@Leon Saint-Jean Also, I don't know where she's going to med school, cause if med school is anything like law school, tons of people are paying full freight/getting it paid by their parents. And people will bitch about "massive loans" that turn out to be like 10,000 dollars a year for "extra expenses" or "that summer at the study abroad program in Florence." So it's probably a safe assumption that a lot of her friends are rich too. But maybe she's going to the Hard Knocks Med School of Appalachia or something and everyone there is poor, I guess.

themegnapkin (#201,538)

I'm really curious how much LW1 is talking about? She shouldn't feel guilty regardless of how much it is, but she might feel better if she can put it in perspective, and the commenters might be able to help with that. I mean, it doesn't sound like the LW1 has Warren Buffett amounts of money, so maybe if she just met some people who are similarly well-off and not terrible people, then maybe she wouldn't feel so terrible?

mishaps (#5,779)

Anyone in medical school is working for a living, even if they are paying full-freight for the privilege. I have tremendous respect for anyone who can survive that torment, even as I think the emphasis on endurance training in medical education in this country is wildly misguided.

Look, LW1, I think you need a good therapist before you give away ANY of that money. But I also think you need to stop lying to your friends about being in debt. Say, "actually, I'm lucky enough my parents could help out" next time someone asks you about your financial aid and leave it at that. Then buy the next round of drinks.

red pen (#239,415)

just to set the record straight: i'm a straight jewish woman (the "guy" was rhetorical), and my boyfriend is an ex-catholic bears fan from the south who, yes, sticks out like a sore thumb among all the coastal jews.

ee, i must (sorrowfully) inform you that, even if i become the most famous writer in all the land, i'm never, ever leaving this job. wink!

and thank you very very much for the advice, polly! i'll see what i can make with it…
~red pen

nyet (#239,416)

Something hilarious happened to me when I was in college. Some rich young people thought I was rich too! And they invited me to their support group. Yup. I guess I seem rich! Hey, I wish I really was. Anyway – they had their own foundation, and they wanted to bring rich youth into the fold so they would not be alienated from humanity [like you] and could be socialized into a lifetime of supporting lefty progressive causes. It seemed like a good idea for folks like yourself. And that is the moral of my story. You should get involved and help progressive causes. Help out causes that most rich folks won't help out with – like unions. But be careful. The foundation that thought I was rich went down in flames eventually, because the rich kids I guess didn't really want to pay close attention. Second moral: pay attention.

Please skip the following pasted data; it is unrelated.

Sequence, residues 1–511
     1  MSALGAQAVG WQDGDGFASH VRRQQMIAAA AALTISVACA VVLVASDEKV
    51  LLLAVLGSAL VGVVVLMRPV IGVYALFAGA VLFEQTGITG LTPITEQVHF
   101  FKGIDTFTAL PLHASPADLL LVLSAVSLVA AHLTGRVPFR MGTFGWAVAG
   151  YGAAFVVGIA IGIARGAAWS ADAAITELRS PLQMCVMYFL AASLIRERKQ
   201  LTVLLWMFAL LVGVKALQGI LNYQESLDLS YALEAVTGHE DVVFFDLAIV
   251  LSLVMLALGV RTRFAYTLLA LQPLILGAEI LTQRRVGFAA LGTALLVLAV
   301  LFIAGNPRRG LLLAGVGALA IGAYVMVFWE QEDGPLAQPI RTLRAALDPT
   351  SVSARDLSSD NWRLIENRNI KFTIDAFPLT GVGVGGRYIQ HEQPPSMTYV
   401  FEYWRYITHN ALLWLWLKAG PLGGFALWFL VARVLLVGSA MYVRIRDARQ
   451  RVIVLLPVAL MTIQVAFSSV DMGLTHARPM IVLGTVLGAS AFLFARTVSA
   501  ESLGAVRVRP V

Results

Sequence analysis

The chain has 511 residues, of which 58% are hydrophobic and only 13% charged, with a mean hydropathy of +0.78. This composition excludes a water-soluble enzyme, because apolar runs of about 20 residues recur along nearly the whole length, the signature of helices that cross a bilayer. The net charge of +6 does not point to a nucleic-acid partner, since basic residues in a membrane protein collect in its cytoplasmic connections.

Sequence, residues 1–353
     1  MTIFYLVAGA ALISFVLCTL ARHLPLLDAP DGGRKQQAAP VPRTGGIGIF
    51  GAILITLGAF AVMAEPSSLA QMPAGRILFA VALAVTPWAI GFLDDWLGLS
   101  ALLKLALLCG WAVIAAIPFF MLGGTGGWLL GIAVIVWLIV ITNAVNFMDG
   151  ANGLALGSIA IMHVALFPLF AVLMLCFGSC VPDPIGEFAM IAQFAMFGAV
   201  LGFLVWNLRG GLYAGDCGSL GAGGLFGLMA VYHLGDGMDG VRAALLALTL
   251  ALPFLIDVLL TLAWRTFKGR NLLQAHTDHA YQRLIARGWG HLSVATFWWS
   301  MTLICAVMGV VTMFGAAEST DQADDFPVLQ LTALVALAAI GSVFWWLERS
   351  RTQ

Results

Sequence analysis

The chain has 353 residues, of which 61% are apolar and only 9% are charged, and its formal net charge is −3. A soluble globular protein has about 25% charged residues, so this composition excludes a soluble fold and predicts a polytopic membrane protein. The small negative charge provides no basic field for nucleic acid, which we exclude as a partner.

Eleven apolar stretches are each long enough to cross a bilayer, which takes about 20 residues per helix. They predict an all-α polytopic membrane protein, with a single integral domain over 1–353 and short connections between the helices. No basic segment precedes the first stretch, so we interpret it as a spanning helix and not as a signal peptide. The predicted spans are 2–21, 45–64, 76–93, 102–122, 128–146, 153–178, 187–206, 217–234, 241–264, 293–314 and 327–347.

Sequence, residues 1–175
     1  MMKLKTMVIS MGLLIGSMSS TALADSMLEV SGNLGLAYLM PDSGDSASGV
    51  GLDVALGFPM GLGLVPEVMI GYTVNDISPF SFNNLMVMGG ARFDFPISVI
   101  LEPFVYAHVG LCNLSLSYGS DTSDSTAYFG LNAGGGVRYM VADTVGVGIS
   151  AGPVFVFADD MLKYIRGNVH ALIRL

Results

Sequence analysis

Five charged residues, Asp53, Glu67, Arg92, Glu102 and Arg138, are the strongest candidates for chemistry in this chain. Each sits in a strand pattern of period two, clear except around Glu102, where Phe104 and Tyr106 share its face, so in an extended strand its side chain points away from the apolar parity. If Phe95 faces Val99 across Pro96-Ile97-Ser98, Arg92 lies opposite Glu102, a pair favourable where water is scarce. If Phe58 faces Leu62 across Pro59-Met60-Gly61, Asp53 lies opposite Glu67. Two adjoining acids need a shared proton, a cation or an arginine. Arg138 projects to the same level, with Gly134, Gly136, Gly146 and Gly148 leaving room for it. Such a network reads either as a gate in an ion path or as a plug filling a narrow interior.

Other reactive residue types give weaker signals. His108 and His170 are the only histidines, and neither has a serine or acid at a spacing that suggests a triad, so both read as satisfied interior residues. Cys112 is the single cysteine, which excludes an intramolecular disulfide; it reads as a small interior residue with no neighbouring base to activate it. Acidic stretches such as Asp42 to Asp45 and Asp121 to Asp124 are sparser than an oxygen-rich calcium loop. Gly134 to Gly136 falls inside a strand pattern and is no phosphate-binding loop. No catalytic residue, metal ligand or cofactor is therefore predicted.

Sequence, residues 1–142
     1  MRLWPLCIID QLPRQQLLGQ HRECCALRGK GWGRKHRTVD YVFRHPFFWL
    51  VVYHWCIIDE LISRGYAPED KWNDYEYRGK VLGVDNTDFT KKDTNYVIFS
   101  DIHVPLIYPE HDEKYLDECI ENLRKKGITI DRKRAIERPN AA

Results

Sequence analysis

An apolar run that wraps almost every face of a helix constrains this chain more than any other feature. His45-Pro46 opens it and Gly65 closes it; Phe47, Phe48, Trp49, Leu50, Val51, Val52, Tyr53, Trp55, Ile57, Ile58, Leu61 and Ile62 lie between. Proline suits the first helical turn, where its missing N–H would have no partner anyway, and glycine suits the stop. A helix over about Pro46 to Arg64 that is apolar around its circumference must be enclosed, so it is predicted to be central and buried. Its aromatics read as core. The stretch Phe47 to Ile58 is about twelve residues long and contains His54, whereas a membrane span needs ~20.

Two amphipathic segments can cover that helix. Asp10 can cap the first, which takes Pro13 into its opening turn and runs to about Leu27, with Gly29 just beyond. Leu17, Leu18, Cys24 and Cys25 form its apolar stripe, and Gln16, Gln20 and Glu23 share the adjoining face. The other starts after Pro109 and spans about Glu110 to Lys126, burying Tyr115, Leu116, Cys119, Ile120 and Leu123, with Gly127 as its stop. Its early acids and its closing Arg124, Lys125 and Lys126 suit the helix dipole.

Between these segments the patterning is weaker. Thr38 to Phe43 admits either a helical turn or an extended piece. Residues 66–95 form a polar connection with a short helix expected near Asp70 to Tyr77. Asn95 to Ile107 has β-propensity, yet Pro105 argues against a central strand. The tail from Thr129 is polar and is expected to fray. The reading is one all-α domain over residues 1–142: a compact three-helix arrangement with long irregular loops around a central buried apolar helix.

(link on that foundation:
http://www.blueavocado.org/node/562)

Claire Zulkey (#6,639)

I agree with Polly that money-guilt becomes less of an issue as you get older. My parents have helped me out quite a bit in my life which I am incredibly grateful for. I used to feel more guilt about this but as I get older and I have a lot less of what I make to spend on "fun" things thanks to insurance and daycare and medical expenses and all that, I'm just happy for my good fortune. I think the fact that LW is mindful of his/her situation is a good sign. And it's a good idea to keep working. I've known people who have blown their inheritances (wasn't there a piece on this on the Billfold a while back?) so you never know–the end COULD come and it's good practice to attempt to live and work like you have a lot less money than you do.

bellacoker (#239,544)

On Friday I sat through a five hour training on how to be an ally to LGBTQQIA people, and while it was not what they were talking about, I kept thinking about our trust fund friend. In fact, I made a notation in my book, in case I forgot, it says, [Ally across social class]

I am not anywhere on the LGBTQQIA spectrum, but it doesn't do anyone any good if I sit around feeling guilty about getting to marry or walk around holding hands without having beer bottles lobbed at our heads. We did not build this system. But we can call people out for their bad behavior and be safe people for those who are struggling to bring their problems to. And you can do the same thing for your poor friends, without giving them money, unless you want to. Also, when you are around other people who *are* as rich as you, or people who aren't but who hate poor people, stick up for the rest of us. Point out the systemic problems that lead to debt for almost everyone and poverty for way too many people.

JennyBeans (#7,034)